MILWAUKEE — The Milwaukee Brewers finally have shown they can make tough decisions.
Sending third baseman Travis Shaw, who had 63 home runs the previous two seasons, to Class AAA San Antonio and releasing utilityman Hernan Perez, an asset on and off the field since 2015, late last week couldn’t have been easy. Necessary maybe, but not easy.
The Brewers’ next call might be just as difficult. Though they’re still in the thick of the bunched up National League playoff race midway through the season, they’ve reached the point where they must do something to boost their starting rotation if they hope to return to the postseason.
With the calendar flipping to July and a rule change limiting teams to only one trade deadline — July 31 — this season, the Brewers are on the clock. They’ve flirted with acquiring a big-name starter the past two off-seasons and at the July 31 trade deadline last year, but never pulled the trigger. They did sign Wade Miley during spring training in 2018 and acquired Gio Gonzalez at the Aug. 31 trade deadline in less-splashy deals, but even though both contributed to a magical season, they weren’t the top-of-the-rotation types the Brewers have been lacking. This month, it’s time for the Brewers to stop flirting and get serious.
Their 2-1 victory over the Pittsburgh Pirates on Sunday at Miller Park gave them an 13-13 record in June and moved them into a tie with the Chicago Cubs for first place in the NL Central Division. Still, it seems like they frittered away an opportunity to take control of the division largely because their starting pitchers, at least those not named Brandon Woodruff, failed miserably in June.
The Brewers suffered through a 12-13 June in 2018 and recovered to win the division title. Now they’ll have to do it again.
“I don’t think we’re satisfied at .500 ever,” manager Craig Counsell said. “There are reasons why we played .500 baseball. We’re going to try to get better because we know we need to be better than that to be a playoff team. I don’t feel like we survived, we just played like a .500 team this month. It’s going to take better than that over the course of the rest of the season.”
Just because the Brewers recovered last year doesn’t mean history will repeat itself. Like last year, they have an ace, though Woodruff, the NL’s first 10-game winner, has replaced the scuffling Jhoulys Chacin in that role. Unlike last year, there is no cavalry riding over the hill to contribute like Miley and Gonzalez, to the surprise of many, did down the stretch. Not yet, anyway.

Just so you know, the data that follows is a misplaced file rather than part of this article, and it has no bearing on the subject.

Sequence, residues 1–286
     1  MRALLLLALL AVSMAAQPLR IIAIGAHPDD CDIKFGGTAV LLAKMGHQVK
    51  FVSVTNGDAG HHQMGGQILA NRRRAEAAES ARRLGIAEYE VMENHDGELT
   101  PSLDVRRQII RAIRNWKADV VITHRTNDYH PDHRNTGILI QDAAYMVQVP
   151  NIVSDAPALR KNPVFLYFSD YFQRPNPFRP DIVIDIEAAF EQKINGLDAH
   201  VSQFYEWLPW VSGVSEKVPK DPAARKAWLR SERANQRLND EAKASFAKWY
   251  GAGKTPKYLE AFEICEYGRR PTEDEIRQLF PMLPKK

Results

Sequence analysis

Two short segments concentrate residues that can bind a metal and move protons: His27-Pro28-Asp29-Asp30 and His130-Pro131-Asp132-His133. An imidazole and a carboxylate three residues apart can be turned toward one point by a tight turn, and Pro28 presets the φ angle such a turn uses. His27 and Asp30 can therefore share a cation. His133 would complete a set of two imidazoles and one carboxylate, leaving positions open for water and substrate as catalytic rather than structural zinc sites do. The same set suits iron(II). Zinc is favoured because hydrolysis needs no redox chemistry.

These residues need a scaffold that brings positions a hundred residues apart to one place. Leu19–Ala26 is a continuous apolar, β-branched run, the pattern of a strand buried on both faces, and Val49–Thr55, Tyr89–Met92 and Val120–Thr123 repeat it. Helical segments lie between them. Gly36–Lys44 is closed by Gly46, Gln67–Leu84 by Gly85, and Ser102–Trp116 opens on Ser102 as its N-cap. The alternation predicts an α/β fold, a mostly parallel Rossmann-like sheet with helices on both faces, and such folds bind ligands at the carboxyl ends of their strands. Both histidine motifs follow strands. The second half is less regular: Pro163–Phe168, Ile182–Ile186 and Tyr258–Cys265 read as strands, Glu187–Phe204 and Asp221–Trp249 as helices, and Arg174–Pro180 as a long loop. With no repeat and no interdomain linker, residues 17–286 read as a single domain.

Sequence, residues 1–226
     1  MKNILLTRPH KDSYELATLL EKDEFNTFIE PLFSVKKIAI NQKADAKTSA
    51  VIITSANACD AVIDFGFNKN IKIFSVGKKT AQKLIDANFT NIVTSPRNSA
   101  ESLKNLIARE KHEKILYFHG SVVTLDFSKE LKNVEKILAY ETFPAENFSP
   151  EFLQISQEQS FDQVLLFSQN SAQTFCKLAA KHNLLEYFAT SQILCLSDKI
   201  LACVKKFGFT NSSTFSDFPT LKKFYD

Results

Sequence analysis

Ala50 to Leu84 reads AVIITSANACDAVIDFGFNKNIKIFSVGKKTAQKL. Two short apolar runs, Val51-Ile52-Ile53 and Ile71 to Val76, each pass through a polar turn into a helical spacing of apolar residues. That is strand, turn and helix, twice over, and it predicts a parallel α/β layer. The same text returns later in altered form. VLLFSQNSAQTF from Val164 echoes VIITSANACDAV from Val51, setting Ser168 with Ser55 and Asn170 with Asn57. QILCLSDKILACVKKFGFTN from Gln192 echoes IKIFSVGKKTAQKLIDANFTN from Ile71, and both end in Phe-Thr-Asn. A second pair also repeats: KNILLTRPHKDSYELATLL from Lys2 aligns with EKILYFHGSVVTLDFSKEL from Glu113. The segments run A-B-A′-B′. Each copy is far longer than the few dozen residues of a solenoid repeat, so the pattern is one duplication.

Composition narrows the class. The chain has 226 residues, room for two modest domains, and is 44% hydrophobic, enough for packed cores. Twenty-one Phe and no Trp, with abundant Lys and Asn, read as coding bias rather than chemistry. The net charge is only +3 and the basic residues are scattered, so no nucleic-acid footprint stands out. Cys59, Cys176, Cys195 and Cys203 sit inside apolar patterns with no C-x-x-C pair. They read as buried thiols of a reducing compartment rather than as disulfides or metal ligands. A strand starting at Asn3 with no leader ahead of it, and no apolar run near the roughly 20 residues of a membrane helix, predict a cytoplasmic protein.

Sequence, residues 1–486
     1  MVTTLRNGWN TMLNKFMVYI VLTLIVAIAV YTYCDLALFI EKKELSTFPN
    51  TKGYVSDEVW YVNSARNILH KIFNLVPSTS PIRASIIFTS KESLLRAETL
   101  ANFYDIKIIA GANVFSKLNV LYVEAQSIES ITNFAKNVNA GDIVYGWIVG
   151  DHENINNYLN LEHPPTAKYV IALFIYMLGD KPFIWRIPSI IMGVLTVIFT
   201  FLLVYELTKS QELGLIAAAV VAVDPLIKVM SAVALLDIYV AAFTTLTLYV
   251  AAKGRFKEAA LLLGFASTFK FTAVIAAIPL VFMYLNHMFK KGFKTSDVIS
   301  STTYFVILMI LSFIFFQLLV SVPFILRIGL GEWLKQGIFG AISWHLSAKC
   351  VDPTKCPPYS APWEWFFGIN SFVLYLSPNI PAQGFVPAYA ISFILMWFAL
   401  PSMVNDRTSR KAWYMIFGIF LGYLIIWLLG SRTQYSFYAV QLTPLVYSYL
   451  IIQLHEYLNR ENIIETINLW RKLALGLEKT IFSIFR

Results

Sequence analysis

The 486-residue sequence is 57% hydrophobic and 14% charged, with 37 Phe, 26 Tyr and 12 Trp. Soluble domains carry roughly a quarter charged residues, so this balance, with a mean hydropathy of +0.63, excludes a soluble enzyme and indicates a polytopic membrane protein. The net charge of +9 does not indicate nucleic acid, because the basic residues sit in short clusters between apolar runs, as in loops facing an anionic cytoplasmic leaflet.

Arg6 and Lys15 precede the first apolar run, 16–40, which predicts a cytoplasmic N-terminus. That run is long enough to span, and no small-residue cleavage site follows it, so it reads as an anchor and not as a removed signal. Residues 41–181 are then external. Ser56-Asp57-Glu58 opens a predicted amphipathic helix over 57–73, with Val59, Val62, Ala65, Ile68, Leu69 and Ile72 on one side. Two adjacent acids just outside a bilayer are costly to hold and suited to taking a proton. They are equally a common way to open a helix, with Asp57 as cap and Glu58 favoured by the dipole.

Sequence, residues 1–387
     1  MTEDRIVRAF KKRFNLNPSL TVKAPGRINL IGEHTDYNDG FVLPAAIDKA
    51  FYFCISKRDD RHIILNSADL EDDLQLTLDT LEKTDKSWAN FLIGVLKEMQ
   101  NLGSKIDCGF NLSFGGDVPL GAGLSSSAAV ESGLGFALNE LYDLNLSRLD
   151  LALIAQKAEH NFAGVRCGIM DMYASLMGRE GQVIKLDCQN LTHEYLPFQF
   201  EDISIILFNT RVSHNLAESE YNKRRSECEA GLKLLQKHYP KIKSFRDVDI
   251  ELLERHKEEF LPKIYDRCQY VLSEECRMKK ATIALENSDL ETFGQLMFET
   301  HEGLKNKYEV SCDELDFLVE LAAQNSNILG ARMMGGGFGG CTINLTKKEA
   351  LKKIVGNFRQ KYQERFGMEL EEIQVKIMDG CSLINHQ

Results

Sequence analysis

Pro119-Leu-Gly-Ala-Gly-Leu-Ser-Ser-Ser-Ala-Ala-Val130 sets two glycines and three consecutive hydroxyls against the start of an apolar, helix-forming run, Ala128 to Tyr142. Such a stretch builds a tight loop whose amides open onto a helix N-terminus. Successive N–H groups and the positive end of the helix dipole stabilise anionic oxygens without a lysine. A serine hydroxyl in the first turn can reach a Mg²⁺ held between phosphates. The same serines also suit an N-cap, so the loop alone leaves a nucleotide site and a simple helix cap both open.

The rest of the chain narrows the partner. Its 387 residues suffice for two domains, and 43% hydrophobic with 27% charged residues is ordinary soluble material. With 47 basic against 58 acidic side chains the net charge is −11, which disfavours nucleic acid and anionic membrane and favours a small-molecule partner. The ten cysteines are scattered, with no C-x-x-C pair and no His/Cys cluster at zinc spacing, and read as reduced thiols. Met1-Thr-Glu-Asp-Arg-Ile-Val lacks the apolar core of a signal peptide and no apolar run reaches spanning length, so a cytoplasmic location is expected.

So far this year, young starters Freddy Peralta and Corbin Burnes pitched their way out of the rotation and into the bullpen. Meanwhile, Gonzalez, Jimmy Nelson and Brent Suter are still on the injured list and no one knows when — of if — they’re coming back.
Currently, the Brewers’ rotation consists of Woodruff, Chacin, Zach Davies, Chase Anderson and young Adrian Houser. The first four are all coming off starts in which they allowed only one earned run, the first encouraging sign for the rotation since late May.
“It was a very good pitching weekend for us,” Counsell said.
The Brewers can’t be seduced by that, however. One turn through the rotation, no matter how solid, shouldn’t be enough to ease their concerns. Indeed, things are different than they were last year at this time.
First, the starters are seldom pitching past the fifth inning, putting enormous stress on the bullpen. Second, with Cory Knebel on the IL, the bullpen isn’t as dominant or deep as it was last year, when it carried the team. Third, the Brewers might be tied for first, but the Cubs just addressed their biggest weakness by signing free-agent closer Craig Kimbrel. Finally, with only one trade deadline, the scramble for pitching figures to be more competitive than usual and, thus, most costly.
Based on the first 84 games, Milwaukee’s hitting and bullpen are good enough to make the playoffs. The rotation isn’t, which means general manager David Stearns needs to find another starter in a potentially volatile market.
San Francisco’s Madison Bumgarner, who would be a short-term rental, and Toronto’s Marcus Stroman, who has another year of arbitration remaining, are the hot names at present. But the Brewers insist they’re looking within first in hopes of bolstering the rotation.
“That’s what we have to focus on,” Counsell said last week. “And it’s the guys we’ve got here. That’s what we’ve got. Freddy could factor into that. That’s probably the six right now, the five (current starters) plus Freddy. Those are our guys. We’ve got to focus on them being better. We need Jhoulys to be better. I think he’d say the same thing. That’s a big one. Jhoulys getting better is a big part of our starting pitching getting better. (Otherwise), you’re going to have to do it with a lot of offense. If you’re not getting good starting pitching, you’re going to have to mitigate it with some big-time offense. That’s not going to happen every night.”
The past four games were a positive sign, but instead of proving that the Brewers don’t need to add to their rotation, they showed how good the team can be when it does get good starting pitching. That makes acquiring another starter imperative.